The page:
Just yesterday Google announced that it would soon allow users to send video and other entertainment items to a nearby Chromecast even when they're not connected to the same WiFi network, with the backend relying on location data for verification. It looks like there's some even more interesting technology going on behind the scenes. GigaOm reports that the upcoming update will allow Chromecast and Android devices to authenticate each other using ultrasonic waves.
Here's how it works. You're at a friend's house, and you've just got to show him the latest Honest Trailers video. If his Chromecast has the upcoming "nearby devices" option enabled, you won't need to get on his WiFi. Just cast from the app as normal, and the Chromecast will emit a series of noises from the television speakers that are above the human audible range. The phone will "hear" these sounds and verify the Chromecast, make the connection over the mobile network, after which the device will stream directly from the home WiFi. The Android user should still be able to pause, advance, and what have you from the phone or tablet. There's no reason this functionality couldn't also be added to other Cast-enabled devices.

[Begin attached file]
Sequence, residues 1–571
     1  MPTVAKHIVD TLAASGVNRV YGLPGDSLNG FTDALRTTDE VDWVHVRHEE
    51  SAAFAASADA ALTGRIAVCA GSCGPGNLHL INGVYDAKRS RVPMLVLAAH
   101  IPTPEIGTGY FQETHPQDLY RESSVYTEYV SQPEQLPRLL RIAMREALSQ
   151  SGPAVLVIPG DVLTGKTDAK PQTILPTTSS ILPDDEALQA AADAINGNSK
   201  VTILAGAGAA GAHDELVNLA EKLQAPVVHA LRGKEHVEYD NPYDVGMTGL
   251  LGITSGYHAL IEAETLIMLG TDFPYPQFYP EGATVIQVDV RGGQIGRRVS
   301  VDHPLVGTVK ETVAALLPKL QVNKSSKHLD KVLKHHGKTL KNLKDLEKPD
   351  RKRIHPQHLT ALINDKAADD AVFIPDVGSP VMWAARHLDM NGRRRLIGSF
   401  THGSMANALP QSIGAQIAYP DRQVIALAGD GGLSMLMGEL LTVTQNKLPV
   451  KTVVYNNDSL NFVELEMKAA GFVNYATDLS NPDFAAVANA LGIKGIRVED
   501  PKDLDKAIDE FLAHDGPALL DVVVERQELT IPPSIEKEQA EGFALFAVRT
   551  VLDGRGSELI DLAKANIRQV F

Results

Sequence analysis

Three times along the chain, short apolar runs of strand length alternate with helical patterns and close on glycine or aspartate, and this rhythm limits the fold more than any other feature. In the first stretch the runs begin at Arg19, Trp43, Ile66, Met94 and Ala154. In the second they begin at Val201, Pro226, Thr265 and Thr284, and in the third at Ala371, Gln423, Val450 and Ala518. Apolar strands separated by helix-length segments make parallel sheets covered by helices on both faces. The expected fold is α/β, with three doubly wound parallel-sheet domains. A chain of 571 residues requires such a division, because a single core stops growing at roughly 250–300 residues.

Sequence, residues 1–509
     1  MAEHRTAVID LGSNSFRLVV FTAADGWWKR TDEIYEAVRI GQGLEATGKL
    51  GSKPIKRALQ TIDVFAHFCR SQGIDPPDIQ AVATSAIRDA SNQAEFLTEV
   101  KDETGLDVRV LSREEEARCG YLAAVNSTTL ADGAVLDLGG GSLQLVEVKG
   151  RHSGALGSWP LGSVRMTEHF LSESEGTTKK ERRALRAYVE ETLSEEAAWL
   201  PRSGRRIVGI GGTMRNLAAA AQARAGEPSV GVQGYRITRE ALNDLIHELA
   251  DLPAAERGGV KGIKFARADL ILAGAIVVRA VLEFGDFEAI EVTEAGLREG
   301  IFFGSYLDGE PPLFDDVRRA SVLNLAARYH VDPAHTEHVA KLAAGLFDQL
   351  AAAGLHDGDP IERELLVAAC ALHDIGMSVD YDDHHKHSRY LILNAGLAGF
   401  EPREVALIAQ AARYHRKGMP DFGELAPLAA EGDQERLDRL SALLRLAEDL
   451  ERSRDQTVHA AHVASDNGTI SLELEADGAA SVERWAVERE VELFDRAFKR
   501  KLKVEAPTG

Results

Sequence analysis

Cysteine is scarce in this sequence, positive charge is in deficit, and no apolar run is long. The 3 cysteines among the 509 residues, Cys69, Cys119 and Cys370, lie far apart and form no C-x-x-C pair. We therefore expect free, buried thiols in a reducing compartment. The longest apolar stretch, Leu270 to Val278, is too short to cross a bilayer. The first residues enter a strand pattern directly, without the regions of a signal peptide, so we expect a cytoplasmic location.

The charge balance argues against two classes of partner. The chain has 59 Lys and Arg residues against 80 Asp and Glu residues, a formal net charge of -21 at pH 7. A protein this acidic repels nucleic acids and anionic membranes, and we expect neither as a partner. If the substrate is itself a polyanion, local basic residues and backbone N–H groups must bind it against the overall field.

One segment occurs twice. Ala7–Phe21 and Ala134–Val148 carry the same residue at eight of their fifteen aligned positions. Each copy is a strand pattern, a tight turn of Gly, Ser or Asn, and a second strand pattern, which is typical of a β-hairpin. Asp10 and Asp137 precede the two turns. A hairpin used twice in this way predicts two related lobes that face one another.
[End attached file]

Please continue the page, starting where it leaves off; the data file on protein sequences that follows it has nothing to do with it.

Keen observers will recall that Google acquired SlickLogin back in February. This startup used phones as authentication tokens for logging in to websites on a standard desktop web browser, with extensions that authenticated the user with the same ultrasonic sound waves verified by the phone. Google didn't mention this particular acquisition when talking about the upcoming Chromecast feature, but it's a safe bet that some of the talent and/or tech went into it.